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Carpenter Puts Nail in Phillies Coffin, Cards Move On

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St. Louis Cardinals starting pitcher Chris Carpenter, center, reacts in the clubhouse with after their 1-0 win over the Philadelphia Phillies in baseball's Game 5 of the National League division series Friday, Oct. 7, 2011 in Philadelphia. (AP Photo/Matt Slocum)

St. Louis Cardinals starting pitcher Chris Carpenter, center, reacts in the clubhouse with after their 1-0 win over the Philadelphia Phillies in baseball’s Game 5 of the National League division series Friday, Oct. 7, 2011 in Philadelphia. (AP Photo/Matt Slocum)

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By ROB MAADDI
AP Sports Writer

PHILADELPHIA (AP) _ Chris Carpenter tossed a three-hitter to
outpitch old pal Roy Halladay in a duel for the ages and the St.
Louis Cardinals edged the Philadelphia Phillies 1-0 Friday night in
the deciding Game 5 of their NL playoff series.

The wild-card Cardinals scored in the first inning when Rafael
Furcal led off with a triple and Skip Schumaker followed with a
double.

And that was it.

Heavily favored Philadelphia never broke through against
Carpenter. Ryan Howard grounded out to end the game and hurt his
leg coming out of the batter’s box _ he limped a couple of steps
and crumpled to the ground as St. Louis started to celebrate.

“It was some kind of fun, getting out there and was able to get
that one run early off Doc, he was dominant the rest of the game,”
Carpenter said.

“He’s a great friend of mine, and like I said, he did a great
job tonight also,” he said.

The Cardinals needed a monumental collapse by Atlanta in the
final month and major help from the 102-win Phillies just to reach
the playoffs. Now they’re heading to Milwaukee for the NL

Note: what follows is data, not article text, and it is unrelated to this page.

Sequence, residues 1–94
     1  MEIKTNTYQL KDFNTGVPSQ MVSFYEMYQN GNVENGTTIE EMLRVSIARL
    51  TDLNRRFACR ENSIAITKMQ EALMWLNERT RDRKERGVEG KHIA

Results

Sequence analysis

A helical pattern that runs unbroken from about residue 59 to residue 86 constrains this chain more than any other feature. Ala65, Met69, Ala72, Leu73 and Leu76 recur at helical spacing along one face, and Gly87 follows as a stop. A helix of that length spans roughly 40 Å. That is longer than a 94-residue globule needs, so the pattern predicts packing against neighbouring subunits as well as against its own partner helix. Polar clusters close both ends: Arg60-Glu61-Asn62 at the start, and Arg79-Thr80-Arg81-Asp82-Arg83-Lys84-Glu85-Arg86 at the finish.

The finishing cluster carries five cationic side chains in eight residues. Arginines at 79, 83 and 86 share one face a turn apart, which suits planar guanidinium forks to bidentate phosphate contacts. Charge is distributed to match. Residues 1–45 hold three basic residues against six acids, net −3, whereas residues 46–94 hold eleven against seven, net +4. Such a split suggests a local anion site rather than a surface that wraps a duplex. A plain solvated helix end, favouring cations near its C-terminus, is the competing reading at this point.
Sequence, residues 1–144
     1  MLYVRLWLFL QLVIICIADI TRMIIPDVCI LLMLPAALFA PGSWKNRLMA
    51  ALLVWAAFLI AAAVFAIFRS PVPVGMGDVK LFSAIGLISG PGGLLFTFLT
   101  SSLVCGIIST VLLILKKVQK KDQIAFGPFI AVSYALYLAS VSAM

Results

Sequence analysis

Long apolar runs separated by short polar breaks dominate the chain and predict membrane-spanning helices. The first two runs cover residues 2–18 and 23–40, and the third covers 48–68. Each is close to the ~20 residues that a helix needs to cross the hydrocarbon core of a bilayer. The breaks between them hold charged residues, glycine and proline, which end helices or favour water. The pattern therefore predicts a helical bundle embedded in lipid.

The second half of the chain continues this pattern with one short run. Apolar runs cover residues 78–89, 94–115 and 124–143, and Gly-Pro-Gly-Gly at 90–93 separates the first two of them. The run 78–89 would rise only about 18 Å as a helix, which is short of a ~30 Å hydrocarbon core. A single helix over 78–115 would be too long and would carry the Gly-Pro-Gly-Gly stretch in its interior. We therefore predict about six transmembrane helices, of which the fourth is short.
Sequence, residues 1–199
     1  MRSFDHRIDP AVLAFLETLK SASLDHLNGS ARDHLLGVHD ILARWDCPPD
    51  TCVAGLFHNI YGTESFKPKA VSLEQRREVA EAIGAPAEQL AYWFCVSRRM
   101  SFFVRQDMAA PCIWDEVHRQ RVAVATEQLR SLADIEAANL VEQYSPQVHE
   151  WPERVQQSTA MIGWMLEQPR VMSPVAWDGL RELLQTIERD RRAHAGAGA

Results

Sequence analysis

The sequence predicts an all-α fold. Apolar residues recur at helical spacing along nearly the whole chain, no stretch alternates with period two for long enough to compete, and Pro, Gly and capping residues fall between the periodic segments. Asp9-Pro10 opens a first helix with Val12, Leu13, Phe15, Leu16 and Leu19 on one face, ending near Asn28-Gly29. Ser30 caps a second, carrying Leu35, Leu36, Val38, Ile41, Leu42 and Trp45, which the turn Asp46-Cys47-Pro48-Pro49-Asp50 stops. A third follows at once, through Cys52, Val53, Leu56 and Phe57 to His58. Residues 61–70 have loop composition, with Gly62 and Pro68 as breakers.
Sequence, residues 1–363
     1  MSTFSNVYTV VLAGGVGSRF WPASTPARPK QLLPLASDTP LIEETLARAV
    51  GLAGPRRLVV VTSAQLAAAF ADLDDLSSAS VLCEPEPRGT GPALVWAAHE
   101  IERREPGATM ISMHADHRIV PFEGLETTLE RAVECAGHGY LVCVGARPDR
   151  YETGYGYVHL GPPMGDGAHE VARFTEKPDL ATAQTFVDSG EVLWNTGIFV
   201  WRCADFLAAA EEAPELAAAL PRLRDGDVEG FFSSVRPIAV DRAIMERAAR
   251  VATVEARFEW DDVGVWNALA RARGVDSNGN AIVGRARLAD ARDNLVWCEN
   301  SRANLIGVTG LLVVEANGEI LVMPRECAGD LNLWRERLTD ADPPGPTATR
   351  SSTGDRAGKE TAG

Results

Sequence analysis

championship series starting Sunday following a stunning upset in
which they beat three of Philadelphia’s four aces: Halladay, Cliff
Lee and Roy Oswalt.

Three of baseball’s four opening-round matchups went to a
deciding Game 5, and all of them were pitching-rich thrillers.
Detroit held off the New York Yankees 3-2 on Thursday night, and
Milwaukee beat Arizona in 10 innings earlier Friday.

Then, the showdown between Carpenter and Halladay topped them
all.

Trailing two games to one, the Cardinals began their comeback
with a win in Game 4. That night in St. Louis, a squirrel scampered
across home plate as Schumaker batted in the middle innings _ if
the Cardinals keep winning, their fans will certainly go nuts,
thanks to their “Rally Squirrel.”

Coincidentally, a squirrel was caught at Citizens Bank Park
before Game 5. Not a good omen, apparently, for the Phillies.

“I think guys we’re just relaxed and having fun,” Carpenter
said. “We put ourselves into position where everybody was
expecting us to have no chance and we just started playing like the
team we knew we were. And we were fortunate to get some help back
into it with Atlanta losing and we were playing well the rest of
that month.”

Carpenter was over 100 pitches when he took the mound in the
ninth. He retired Chase Utley on a fly to the warning track in
center and got Hunter Pence on a grounder.

Howard was next, and Carpenter got the big slugger to end a most
improbable series win.

Catcher Yadier Molina threw his mask toward the mound, Carpenter
turned to the left of first looking for someone to celebrate with
before his teammates finally got there, led by Albert Pujols. The
congregation settled at second base, as just off to the right,
while Howard was carried off the field and into his dugout.

Howard took a called third strike with the tying run on second
base to end the Phillies’ season last year in the NLCS against San
Francisco.

The expectations for Philadelphia were even higher this year
after Lee returned. The loss meant the teams with the top two
records and payrolls in the majors _ the Phillies and Yankees _
were gone in the first round, even while holding home-field
advantage.

Carpenter walked none and struck out three in the matchup of Cy
Young Award winners who were longtime teammates in Toronto. The
aces had already agreed to take a fishing trip together after this
season.

Halladay was outstanding, too, but his year is over. Tagged by
the first two batters, he allowed six hits overall, striking out
seven in eight innings.

It wasn’t good enough, and now manager Charlie Manuel’s team